I have a friend who loves nothing better than nachos and beer on Friday night. Before we met, I didn't understand the concept of TGIF (Thank God It's Friday). But this guy is so committed to casual unwinding at the end of the week he has actually declined to join me at fine-dining restaurants because they didn't conform to his suds-and-salsa ritual.
Thus, on a recent Friday evening, I was given the choice: a cheesy sports bar or a Mexican hole-in-the-wall found on Google.
I'm glad we went for The Mexican Antojitos y Cantina, which has since become a cherished cheap-eats hangout (I've been three times in two weeks). This lively hideaway, tucked between nightclubs in the Granville Street entertainment district, may have been new to us, but it is obviously well known within the Mexican ex-pat community.
The 30-seat restaurant, humbly adorned with wooden tables and mismatched chairs, was overflowing by 7 p.m. And not a single gringo in sight (save us). Good sign.
So when the manager swooped over and offered to call when a table came available, we eagerly gave him a cell number. Thirty minutes later (exactly as promised), the phone rang. We downed our craft cocktails at The Refinery – a splendid bar, only one block away – and hightailed it back just as the lights were being dimmed for a Mexican rendition of Happy Birthday, culminating with the guest of honour burying his face in a cream pie. Fun!
Without even glancing at the menu, we ordered nachos. Much like Italian aglio olio or Japanese ramen, this is one of those dishes that may seem stupidly simple, yet is too often spoiled by the shoddy slathering and microwave zapping of inferior ingredients. Not here.
This exemplary version of classic Tex-Mex cuisine started with lightly crisped chips fried in-house, served warm and generously interleaved with melted cheese, sliced Serrano chiles and finely diced pico de gallo. Drizzled with sour cream and showered in shredded cilantro, the mountainous platter was bedecked with a golden-fried, crepe-like roll of chicharron de queso (tangy, semi-soft asadero cheese). Served alongside bowls of creamy refried beans and spicy guacamole, the nachos went down swell with a few Coronas. And even better, at least in my mind, with a margarita classica shaken over ice and perfectly balanced with tequila, Cointreau and freshly squeezed lime juice.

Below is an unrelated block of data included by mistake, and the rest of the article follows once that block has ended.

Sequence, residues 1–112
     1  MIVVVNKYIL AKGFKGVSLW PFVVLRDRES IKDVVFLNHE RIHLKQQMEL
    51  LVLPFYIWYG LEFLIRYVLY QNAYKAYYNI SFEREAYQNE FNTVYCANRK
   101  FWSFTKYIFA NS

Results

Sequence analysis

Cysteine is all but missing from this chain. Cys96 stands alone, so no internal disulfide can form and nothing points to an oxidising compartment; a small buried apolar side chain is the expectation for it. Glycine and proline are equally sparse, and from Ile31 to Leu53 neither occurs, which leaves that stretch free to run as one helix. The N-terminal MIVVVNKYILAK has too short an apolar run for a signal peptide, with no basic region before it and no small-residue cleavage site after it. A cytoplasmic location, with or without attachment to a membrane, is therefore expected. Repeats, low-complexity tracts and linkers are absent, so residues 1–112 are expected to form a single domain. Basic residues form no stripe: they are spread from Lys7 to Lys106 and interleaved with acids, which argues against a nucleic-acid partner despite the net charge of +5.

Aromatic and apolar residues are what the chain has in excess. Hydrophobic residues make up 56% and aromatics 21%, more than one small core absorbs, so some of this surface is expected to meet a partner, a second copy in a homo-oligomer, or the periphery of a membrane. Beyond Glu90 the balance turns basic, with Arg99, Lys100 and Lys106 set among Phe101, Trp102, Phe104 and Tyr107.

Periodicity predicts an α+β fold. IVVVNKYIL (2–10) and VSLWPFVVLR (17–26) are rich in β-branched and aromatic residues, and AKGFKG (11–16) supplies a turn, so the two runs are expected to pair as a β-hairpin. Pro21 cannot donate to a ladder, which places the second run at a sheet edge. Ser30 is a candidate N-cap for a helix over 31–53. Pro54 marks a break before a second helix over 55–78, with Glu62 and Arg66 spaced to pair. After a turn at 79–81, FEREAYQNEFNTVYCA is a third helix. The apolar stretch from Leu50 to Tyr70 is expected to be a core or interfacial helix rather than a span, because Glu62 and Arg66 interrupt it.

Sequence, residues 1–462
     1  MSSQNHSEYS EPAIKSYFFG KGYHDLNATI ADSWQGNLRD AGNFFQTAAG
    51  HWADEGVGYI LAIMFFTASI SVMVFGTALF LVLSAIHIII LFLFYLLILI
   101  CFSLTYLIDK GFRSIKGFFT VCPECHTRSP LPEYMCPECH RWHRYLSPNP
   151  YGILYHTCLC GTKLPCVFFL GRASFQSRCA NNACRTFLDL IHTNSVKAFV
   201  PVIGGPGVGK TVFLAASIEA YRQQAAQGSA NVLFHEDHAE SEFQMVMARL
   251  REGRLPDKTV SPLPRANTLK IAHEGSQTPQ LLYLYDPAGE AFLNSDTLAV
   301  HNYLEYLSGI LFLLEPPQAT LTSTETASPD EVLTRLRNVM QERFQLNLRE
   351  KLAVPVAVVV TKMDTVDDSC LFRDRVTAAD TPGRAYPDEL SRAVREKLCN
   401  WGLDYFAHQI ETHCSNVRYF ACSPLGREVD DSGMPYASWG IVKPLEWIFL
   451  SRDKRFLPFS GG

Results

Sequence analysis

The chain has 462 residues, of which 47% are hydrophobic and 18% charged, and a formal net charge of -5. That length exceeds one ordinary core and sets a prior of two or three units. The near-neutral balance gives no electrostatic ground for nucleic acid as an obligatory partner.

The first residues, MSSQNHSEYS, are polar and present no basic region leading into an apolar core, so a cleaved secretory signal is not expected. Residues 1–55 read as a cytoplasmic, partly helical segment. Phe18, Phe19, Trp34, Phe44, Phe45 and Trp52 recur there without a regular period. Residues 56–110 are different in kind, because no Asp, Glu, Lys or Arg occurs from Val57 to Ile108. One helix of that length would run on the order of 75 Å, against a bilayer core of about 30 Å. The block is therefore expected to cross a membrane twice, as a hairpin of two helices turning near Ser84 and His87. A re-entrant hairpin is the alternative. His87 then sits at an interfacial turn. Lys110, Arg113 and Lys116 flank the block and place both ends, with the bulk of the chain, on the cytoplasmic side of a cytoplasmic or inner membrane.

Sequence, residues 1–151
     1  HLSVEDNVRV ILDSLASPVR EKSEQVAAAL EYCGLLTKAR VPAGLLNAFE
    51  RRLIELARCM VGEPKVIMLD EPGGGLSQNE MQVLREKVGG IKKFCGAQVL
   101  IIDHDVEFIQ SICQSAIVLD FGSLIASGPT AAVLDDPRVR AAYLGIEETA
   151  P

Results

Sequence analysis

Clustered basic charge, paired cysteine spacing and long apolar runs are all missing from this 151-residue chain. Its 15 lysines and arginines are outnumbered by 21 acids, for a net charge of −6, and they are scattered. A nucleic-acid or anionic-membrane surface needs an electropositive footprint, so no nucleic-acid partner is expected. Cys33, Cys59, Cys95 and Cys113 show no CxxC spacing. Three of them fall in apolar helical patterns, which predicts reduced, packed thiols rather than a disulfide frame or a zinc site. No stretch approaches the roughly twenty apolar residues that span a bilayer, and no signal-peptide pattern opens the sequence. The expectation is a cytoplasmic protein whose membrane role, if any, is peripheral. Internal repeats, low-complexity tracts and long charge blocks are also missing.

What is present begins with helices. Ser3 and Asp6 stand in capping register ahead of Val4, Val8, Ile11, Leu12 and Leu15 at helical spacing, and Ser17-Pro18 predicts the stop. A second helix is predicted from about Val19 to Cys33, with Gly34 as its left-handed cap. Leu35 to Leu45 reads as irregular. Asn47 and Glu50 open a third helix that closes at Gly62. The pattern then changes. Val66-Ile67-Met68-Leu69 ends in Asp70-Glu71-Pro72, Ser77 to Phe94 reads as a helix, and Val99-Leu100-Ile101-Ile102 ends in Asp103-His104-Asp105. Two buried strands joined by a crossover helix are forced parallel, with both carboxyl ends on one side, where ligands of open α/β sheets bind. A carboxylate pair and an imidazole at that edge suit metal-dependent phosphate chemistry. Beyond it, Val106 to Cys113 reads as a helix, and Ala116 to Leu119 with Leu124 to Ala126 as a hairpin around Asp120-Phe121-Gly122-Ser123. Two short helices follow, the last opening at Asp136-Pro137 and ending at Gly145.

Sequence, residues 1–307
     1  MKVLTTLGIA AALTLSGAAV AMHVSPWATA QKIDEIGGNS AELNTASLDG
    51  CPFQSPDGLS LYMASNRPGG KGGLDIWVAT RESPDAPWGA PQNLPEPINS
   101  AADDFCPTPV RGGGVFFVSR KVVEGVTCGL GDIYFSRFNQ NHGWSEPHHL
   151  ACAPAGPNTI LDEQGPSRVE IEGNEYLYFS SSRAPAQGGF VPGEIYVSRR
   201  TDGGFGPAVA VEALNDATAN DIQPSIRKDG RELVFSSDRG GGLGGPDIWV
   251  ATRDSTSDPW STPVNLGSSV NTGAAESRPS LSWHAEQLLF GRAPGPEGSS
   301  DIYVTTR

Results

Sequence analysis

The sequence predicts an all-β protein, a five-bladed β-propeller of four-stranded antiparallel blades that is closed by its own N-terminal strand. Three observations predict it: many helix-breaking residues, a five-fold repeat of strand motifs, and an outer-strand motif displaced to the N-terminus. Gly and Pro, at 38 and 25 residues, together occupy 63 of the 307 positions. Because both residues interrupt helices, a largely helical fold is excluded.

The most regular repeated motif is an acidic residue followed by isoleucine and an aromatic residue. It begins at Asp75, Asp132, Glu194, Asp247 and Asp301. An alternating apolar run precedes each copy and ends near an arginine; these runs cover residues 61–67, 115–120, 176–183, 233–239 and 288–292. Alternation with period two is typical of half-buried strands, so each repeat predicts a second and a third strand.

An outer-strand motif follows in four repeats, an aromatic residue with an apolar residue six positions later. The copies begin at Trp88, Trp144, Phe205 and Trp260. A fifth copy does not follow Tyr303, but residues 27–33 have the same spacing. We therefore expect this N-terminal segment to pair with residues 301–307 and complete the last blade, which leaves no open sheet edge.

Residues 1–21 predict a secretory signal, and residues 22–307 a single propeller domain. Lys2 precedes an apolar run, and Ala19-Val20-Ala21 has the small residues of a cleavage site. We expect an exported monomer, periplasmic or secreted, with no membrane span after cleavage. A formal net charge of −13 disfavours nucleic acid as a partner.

Friday night highlights aside, The Mexican is a top-notch, comfort-food restaurant serving a mix of Central Mexican specialties all made from scratch.
You may recall the long, narrow space, which opened as Café Barcelona three years ago and lasted about 18 months. The Spanish tapas concept didn't click with downtown Vancouverites, says Roger Creixams, the original owner. But when Ana Vander, a Mexican chef who worked at the nearby Salsa & Agave, sidled up to the bar (as she often did on weekends) and told him about her plan to open an authentic cantina, he saw an opportunity for renewal. With Ms. Vander's colleague, Guadalajara-born Claudia Romo, the three partners launched The Mexican in April, 2011.
I wish I had heard of it sooner, if only to spare myself many a mediocre sports bar. Beyond nachos, The Mexican also makes great tacos traditionally served on a double bed of small corn tortillas with cilantro, onions and smoky morita-chile salsa. Carnitas (silky pork strands slowly braised in Ms. Vander's secret Michoacan recipe) is probably the best filling.
But if you're feeling adventurous, may I suggest sopes? Imagine open-faced tacos built on slightly thicker, lightly grilled tortillas layered with beans, onions, cheese, sour cream and unusual toppings. Think chicharron en salsa roja (deep-fried pork rinds simmered in red salsa until the crunchy skins puff up and soften) or buttery mushrooms sautéed with garlic and parsley.
Quesadilla is another interesting choice. In homage to the traditional market vendors of Morelos (the small, south-central state where Ms. Vander spent most of her life before coming to Canada), these doughy corn sponges look more like an empanada than the folded pockets typically found at Taco Bell. Try papas con chorizo stuffed with crumbly homemade sausage and silky mashed potatoes. Chile relleno, a lightly crusted poblano pepper filled with ground beef and swimming in a cream-based corn sauce, is another best bet.
Mr. TGIF was so impressed that we returned for brunch the next weekend. By chance, we arrived before the big America Mexico vs. Chivas Guadalajara soccer game started. Unless you were a baby in a highchair, and there were several in the restaurant, it was standing-room-only later that afternoon.
"That's why we love this place," a Mexican-born WestJet flight attendant exclaimed as he dug into barrigon, a sloppy mess of grilled pork, beef and chorizo melted with cheese and green jalapeno salsa.
"The food is kind of authentic. The chef cooks from her heart and you can taste it. But the room is so small and crowded and loud. It feels just like Mexico."
And the nachos?